new dogs, compact living spaces, strangers
native dog, Philippine mongrel
The Dog That Followed My Mom Home
We didn't really plan to have a dog; our house was already as messy as it was. But one morning, when my mom went out to go to the bakery down the block, a stray puppy followed her home, even made his own merry way into our house. He was a total dirtball plagued with fleas but my mom washed him, and that was basically how we got the dog named Champ.
We guessed that he was 2 months old when we acquired him. He used to be a really bad puppy, chewing off slippers, and peeing and pooping inside the house, exactly where we told him not to. He also was too hyperactive and went around biting everyone's toes and scratching everyone's legs (I had my fair share of scratches). We knew these bites were playful though sometimes the bites were too forceful. My dad even resorted to cutting off his two front teeth to avoid serious incidents because we were kids that time. We did our best to control him, but he recognized only my dad as an authority figure. When my dad was not around, he went back to his hyperactive, uncontrollable puppy self again.
And then he grew up, and he changed. I'd like to think that he kind of "matured." I don't even think we did anything drastic or significant. It just kind of happened. As he grew up, the hyperactive playful bites turned into cuddles and licks on the face. He stopped constantly running around the house and eventually resorted to staying in one place at a time: wherever his mat was laid. We let him play with our neighbors' dogs but he mostly preferred taking walks to the park with us. After a good while of training and scolding, he finally understood where he could relieve himself (at our backyard) and even tries to bury the poop (we had to wash off his nose a couple of times). Generally, he became a sweet, reserved dog who barks at visitors and strangers but is easily stopped when told to stop.
Now he's 8 years old and is perfectly accustomed to living a life with humans. Sometimes his behavior makes me think that he's not an animal. I prefer thinking he isn't..
From ariamadronio Apr 20 2015 10:45PM
The way your dog's body was meant to be fed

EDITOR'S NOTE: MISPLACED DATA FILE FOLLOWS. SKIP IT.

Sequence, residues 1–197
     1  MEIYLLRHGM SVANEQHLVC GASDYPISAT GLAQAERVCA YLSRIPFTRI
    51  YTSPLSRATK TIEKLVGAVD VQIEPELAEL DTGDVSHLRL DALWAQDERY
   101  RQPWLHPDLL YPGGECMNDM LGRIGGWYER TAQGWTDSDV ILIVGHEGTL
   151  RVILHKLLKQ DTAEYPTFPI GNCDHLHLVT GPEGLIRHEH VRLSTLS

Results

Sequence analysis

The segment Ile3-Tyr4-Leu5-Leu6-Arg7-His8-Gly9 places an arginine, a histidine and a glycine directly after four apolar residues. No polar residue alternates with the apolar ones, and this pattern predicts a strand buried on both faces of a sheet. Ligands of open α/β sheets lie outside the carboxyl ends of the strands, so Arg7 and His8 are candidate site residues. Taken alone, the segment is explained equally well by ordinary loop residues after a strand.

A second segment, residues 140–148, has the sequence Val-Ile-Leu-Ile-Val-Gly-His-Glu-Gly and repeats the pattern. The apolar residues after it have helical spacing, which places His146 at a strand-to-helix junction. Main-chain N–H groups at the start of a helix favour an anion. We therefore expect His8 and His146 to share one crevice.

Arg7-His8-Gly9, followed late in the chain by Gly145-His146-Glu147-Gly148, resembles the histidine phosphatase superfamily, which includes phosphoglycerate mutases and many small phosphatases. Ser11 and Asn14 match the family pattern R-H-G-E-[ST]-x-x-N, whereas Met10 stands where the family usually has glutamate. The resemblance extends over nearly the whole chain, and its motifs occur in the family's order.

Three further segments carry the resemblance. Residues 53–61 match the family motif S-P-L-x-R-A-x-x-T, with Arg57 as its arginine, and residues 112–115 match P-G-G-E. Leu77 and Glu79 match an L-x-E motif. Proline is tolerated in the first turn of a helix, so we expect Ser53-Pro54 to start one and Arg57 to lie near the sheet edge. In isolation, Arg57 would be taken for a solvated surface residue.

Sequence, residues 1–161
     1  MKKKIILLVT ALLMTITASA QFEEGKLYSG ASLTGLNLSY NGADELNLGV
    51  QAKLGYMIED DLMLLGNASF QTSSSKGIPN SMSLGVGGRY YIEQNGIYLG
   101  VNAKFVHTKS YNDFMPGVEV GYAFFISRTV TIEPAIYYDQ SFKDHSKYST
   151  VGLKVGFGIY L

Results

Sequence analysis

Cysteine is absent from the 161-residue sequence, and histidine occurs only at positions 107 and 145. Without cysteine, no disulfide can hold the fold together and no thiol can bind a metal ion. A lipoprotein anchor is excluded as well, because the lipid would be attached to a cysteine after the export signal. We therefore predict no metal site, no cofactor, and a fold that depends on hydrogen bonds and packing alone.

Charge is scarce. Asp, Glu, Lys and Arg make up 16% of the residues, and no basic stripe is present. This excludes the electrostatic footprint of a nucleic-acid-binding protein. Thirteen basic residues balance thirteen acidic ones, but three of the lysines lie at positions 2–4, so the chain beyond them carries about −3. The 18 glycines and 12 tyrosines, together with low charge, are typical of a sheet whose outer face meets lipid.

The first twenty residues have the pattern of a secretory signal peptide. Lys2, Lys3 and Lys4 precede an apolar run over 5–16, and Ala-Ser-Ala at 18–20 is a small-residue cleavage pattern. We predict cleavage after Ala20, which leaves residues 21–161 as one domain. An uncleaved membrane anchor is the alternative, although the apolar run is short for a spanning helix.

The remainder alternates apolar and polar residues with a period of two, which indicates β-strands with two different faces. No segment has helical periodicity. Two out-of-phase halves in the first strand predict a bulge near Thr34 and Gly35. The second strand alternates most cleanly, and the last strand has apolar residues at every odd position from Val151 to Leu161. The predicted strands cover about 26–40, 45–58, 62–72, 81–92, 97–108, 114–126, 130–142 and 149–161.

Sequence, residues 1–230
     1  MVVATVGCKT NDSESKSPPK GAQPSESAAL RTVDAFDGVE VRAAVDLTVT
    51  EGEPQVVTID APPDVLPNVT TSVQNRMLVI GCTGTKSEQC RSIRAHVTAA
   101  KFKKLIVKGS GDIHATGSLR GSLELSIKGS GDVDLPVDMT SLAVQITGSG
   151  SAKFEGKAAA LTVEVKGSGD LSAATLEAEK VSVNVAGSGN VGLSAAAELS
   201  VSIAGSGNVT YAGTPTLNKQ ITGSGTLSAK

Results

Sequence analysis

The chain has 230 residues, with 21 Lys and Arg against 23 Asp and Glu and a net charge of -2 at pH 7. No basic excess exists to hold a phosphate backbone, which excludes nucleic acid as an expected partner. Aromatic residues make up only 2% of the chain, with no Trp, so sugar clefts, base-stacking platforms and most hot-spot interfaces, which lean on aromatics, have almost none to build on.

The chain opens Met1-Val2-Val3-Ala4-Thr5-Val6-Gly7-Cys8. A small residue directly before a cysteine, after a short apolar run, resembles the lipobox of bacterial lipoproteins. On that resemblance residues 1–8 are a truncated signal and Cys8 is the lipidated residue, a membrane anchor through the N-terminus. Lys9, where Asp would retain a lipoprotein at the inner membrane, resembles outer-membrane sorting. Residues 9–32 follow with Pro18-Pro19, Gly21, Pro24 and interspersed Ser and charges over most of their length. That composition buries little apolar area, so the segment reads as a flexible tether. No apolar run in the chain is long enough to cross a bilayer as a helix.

There are so many misconceptions about raw feeding and I hope to quickly properly educate you so making an opinion for yourself is easier. I am a certified nutritionist for dogs and cats and the moment I finished my education I knew I needed to make better choices for my own personal dogs in regards to how I fed them. There are pros and cons to any feeding method so I cannot say it's going to be easy to know exactly what choices to make. The doubtful mind always says no, so anyone unfamiliar with anything is always hesitant. I see that a lot with other professionals in the field, specifically veterinarians. I am fortunate to have an integrative veterinarian who 100% supports this feeding method. Lets talk about the pros as there are many. There is no possible way to dispute that a dog's (especially cats) digestive system and teeth are designed for a diet of animal tissue, they are carnivores. Having jagged teeth throughout their mouth and a very short digestive tract, their bodies are not equipped to properly process plant material. Think of a cow's or sheep's flat teeth, made for grinding plants, and their 4 chambered stomachs, made to digest and assimilate nutrients from plants. They are herbivores. Feeding a diet of dry dog food, which is very heavy in plant based ingredients of many varieties,synthetic vitamins, and taste additives reeks havoc on their entire body systems over time. Some say feeding raw is expensive and time consuming. I'm part of a group with thousands and thousands of raw feeders around the world and we completely disagree. If you can follow a simple recipe you can make raw food for your pet. Learning how to shop for ingredients on sale and making relationships with local butchers is all you need to make it affordable. I feed two dogs raw cheaper than I wold purchasing an average quality dry food. It CAN be done if your pet's lifetime of health is important to you. There are so many support systems out there for this approach, it truly couldn't be any easier. The shelf life of raw food is far longer than that of dry food. Did you know that the nutrients and quality of dry food diminishes with the passing of each day? My dog's food is kept in a deep freezer and put in the refrigerator for thawing each night, ready for the next day. Freezing locks in all nutrients and can be kept for years without spoiling. Does your dog suffer from chronic conditions like ear infections and skin issues? Did you ever think it could be food related? Well let me tell you that it is. I have assisted with completely eradicating a host of chronic health issues in dogs and cats with diet alone. To most recently include a chihuahua with disc disease and no use of his hind legs. He now climbs steps and runs. He is 12 years old. No other therapy than a raw diet, regular massage, and one veterinary acupuncture visit. Let's talk about the cons. Now, most freeze dried and premade raw can be expensive for the amount you get. Feeding freeze dried is mostly for convenience. I use it when I need convenience like a weekend camping trip. I enjoy making my dog's food. There a lot of satisfaction in it for me. There is so much talk about bacteria like salmonella and e.coli when someone references raw food. Can it be present in raw food? Of course! But, did you know that your dry food can and does have the same bacteria? Dry and canned pet food recalls are a very common for bacteria. I have 100% control over the ingredients, processing, and storing of my pets raw food. Proper handling and sourcing of raw ingredients can and does deeply diminish the probability of bacteria. What about parasites? Again, yes of course raw materials can have parasites. As can dry and canned mass produced pet food. And again, the proper handling and sourcing of these ingredients remove this concern. (As a note: I have been raw feeding for over 5 years and NOT ONE of my dogs or clients have been treated for parasites or bacterial issues) Proper formulation can be a con to raw feeding. Honestly, its ridiculously easy. But without the proper ratio of ingredients you can cause issues. Companies make you think it is hard. They want to make you buy their product. It's a marketing scheme that works and unfortunately affects our pets negatively. I hope this review can shed light into the seemingly scary world of raw feeding. Educate yourselves and don't be afraid to jump in head first. Your pet's health and quality of life will be all the proof you need to know this is without a doubt the best decision you have ever made. .